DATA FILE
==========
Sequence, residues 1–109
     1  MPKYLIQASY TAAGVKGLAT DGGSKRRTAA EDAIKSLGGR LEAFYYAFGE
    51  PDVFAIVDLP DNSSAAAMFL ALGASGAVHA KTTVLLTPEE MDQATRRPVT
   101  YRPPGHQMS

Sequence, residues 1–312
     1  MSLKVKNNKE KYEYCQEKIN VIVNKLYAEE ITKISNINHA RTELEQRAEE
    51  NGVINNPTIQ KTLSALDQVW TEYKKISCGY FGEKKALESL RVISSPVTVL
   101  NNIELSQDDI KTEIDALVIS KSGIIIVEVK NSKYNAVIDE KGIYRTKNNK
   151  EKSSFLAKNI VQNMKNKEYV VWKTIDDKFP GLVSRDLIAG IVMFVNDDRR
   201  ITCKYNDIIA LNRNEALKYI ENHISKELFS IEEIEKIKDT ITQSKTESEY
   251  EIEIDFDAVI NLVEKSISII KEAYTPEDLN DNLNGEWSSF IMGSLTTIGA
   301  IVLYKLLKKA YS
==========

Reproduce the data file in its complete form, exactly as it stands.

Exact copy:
Sequence, residues 1–109
     1  MPKYLIQASY TAAGVKGLAT DGGSKRRTAA EDAIKSLGGR LEAFYYAFGE
    51  PDVFAIVDLP DNSSAAAMFL ALGASGAVHA KTTVLLTPEE MDQATRRPVT
   101  YRPPGHQMS

Sequence, residues 1–312
     1  MSLKVKNNKE KYEYCQEKIN VIVNKLYAEE ITKISNINHA RTELEQRAEE
    51  NGVINNPTIQ KTLSALDQVW TEYKKISCGY FGEKKALESL RVISSPVTVL
   101  NNIELSQDDI KTEIDALVIS KSGIIIVEVK NSKYNAVIDE KGIYRTKNNK
   151  EKSSFLAKNI VQNMKNKEYV VWKTIDDKFP GLVSRDLIAG IVMFVNDDRR
   201  ITCKYNDIIA LNRNEALKYI ENHISKELFS IEEIEKIKDT ITQSKTESEY
   251  EIEIDFDAVI NLVEKSISII KEAYTPEDLN DNLNGEWSSF IMGSLTTIGA
   301  IVLYKLLKKA YS